• Requires annual compliance filings as well as 3rd party verification of building consumption and filing accuracy. The first report is required by May 15, 2022.
  • Sets fines from $300 per day for failure to submit timely and accurate filings to $1000 per day for failure to comply with the emissions targets.
  • Permits the city to force compliance via an assessment on the building owner's tax bill or a lien on the building itself.
  • Permits buildings to buy out of non-compliance at an alternative compliance rate of $234 per metric ton of CO2.

 

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Just how serious are the BERDO penalties?

A review of publicly available data shows that most large city buildings are already taking steps to reduce emissions, about 2,000 in all. But approximately 500 buildings have not yet submitted plans for reducing emissions, and they are facing immediate exposure to thousands in fines, in addition to hundreds of thousands, and in some cases, millions in annual compliance costs.

We ran some calculations to see what kinds of penalties buildings in non-compliance may face. Let’s take a look at a few examples.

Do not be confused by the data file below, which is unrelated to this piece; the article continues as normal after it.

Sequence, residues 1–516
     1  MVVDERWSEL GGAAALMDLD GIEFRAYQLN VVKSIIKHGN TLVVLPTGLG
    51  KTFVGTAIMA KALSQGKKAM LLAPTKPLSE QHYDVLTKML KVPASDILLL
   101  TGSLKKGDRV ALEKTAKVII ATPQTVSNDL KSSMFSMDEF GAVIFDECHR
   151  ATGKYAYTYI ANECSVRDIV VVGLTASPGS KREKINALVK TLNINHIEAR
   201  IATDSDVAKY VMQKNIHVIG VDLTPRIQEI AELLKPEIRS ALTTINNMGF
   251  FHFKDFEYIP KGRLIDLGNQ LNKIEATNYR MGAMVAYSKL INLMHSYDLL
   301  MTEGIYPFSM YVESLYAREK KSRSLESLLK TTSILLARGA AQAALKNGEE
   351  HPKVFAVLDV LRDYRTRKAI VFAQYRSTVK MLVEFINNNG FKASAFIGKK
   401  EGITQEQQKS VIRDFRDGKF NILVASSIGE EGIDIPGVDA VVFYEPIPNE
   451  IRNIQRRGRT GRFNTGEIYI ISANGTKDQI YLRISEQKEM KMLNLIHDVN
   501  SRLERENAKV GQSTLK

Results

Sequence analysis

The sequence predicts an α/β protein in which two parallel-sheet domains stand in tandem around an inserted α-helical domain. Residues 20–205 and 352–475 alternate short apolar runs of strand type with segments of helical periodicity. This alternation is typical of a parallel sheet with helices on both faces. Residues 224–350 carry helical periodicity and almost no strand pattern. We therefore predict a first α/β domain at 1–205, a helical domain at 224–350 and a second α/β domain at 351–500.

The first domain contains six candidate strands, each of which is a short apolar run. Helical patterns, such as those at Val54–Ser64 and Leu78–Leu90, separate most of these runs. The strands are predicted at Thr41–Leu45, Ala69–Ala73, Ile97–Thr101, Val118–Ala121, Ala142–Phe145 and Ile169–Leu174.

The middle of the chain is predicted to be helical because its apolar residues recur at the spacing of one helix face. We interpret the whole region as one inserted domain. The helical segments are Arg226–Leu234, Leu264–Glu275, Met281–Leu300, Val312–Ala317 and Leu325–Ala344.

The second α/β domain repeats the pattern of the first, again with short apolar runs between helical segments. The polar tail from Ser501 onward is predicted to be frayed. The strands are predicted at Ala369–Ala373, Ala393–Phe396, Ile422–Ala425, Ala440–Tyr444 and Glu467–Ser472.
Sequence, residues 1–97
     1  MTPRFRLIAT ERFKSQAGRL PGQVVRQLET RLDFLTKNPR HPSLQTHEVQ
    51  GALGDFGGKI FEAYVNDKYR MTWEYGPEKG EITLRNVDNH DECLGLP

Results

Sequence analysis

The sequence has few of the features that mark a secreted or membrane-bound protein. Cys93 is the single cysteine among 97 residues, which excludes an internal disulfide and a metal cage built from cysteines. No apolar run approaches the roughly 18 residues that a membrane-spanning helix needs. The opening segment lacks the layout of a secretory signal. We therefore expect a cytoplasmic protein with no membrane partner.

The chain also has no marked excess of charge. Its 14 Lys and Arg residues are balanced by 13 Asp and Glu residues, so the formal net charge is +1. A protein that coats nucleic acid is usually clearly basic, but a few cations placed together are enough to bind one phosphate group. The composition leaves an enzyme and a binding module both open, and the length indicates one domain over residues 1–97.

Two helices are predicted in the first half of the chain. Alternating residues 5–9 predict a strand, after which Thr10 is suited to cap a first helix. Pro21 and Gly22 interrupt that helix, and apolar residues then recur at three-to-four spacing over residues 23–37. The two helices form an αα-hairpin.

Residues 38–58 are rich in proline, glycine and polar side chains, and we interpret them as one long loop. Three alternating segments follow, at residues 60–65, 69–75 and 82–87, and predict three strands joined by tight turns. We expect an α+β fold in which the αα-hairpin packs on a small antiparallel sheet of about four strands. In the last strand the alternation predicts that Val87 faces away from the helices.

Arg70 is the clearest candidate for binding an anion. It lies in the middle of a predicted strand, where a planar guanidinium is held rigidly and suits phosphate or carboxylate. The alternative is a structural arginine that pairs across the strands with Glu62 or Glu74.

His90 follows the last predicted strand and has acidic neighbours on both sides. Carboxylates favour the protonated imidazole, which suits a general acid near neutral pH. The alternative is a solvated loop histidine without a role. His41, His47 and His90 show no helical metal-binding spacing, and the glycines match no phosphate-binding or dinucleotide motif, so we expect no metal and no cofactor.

• A large company with headquarters in the city must shave emissions by 25% by 2025 and 50% by 2030 or it could face fines of up to $3 million per year by 2025 and $6 million per year after 2030.
  • A well-known landmark building is looking at potential penalties of $800,000 per year by 2025.
  • An office building faces potential exposure to fines of $400,000 per year by 2030.

The real cost comes from the compliance rate of $234 metric ton of CO2, as fines are in addition to compliance costs.

The Prudential Center, for example, is responsible for about 8,800 million tons of CO2 per year for its retail space. Their 2025 target is about 4,700 million tons, so their 4,100 gap would cost about $800–900K per year. And these costs don't include the 1.5 million sq. ft. of office space, which would add another $1 million in costs per year.